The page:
Mundon Creek
Boats by the Blackwater Marina
(10) Path leading to Maylandsea
(11) Mundon Creek
(12) Boats by the Blackwater Marina

Here the St Peters Way heads to the right for a short distance and, reaching the end of the road, bears to the left to head down a path running alongside a small sewage farm. This leads out into a large paddock where there were two very friendly horses present when I went by. The path heads diagonally across the paddock and then joins a small stretch of footpath that heads up to some houses at the end of a road. The route continues ahead to join another fairly long stretch of footpath running alongside the back gardens of houses on the left and with fields to the right, photo 10. By this stage the wintry showers had all blown over and there were even a few patches of blue sky to be seen overhead. At the end of the footpath the route heads to the left for a few yards before heading to the right down Imperial Avenue in the village of Maylandsea. This road is followed for just a short distance before the St Peters Way heads to the right down North Drive. However I missed this turning and continued on along the road a bit further before heading to the right down the Promenade; which, like North Drive heads down to the waterfront. After crossing a road and a small area of green space I reached the sea wall running alongside Mundon Creek, photo 11 and was able to rejoin the correct route of the path, a few yards further down than I should have been. I then headed to my left, passing the boats at Blackwater Marina, photo 12, and then the Maylandsea Sailing Club; where a sign stated motorboats not allowed on the slipway.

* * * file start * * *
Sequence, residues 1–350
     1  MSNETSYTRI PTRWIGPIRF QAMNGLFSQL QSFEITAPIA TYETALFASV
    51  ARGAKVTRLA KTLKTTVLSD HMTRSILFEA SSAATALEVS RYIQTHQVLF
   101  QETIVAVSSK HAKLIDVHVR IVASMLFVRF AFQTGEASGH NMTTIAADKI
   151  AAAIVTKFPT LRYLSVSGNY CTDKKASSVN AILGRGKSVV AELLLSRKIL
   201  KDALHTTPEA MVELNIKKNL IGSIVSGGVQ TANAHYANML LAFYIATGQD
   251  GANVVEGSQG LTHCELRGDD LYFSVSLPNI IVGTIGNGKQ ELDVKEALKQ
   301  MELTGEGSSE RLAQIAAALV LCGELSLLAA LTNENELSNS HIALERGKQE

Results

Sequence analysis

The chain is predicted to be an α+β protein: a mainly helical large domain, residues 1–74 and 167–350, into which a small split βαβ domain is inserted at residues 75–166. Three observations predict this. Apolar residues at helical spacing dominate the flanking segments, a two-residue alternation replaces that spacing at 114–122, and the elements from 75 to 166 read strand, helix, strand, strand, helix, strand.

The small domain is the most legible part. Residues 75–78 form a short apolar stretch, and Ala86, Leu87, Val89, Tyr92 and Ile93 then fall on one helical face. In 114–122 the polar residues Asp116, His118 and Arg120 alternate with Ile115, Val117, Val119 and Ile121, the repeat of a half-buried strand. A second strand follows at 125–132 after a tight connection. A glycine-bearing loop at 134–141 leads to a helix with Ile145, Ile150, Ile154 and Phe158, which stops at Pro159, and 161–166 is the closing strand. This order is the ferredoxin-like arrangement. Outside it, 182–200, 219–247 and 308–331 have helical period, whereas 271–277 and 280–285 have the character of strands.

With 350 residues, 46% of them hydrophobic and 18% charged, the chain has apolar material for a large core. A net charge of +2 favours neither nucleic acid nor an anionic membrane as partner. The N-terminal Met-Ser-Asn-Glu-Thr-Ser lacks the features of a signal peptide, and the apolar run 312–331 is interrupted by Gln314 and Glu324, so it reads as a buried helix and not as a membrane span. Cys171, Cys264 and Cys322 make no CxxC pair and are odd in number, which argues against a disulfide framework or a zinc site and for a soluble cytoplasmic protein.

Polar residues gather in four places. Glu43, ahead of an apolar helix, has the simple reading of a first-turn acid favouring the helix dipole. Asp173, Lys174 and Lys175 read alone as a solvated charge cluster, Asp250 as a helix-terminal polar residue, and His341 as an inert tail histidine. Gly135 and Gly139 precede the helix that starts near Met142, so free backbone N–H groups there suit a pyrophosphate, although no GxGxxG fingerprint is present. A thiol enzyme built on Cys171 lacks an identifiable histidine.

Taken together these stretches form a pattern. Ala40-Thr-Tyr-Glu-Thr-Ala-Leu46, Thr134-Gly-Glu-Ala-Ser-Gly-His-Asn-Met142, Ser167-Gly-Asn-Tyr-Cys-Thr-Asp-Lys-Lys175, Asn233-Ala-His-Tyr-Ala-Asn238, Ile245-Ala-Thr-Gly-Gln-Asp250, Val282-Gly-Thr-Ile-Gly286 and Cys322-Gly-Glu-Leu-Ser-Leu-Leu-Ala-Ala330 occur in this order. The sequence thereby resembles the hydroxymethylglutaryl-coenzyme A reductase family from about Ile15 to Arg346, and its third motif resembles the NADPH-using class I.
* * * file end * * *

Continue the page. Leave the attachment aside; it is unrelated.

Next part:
Mundon Creek
Footbridge nr Mundon Creek
Field heading towards Mundon
(13) Mundon Creek
(14) Footbridge nr Mundon Creek
(15) Field heading towards Mundon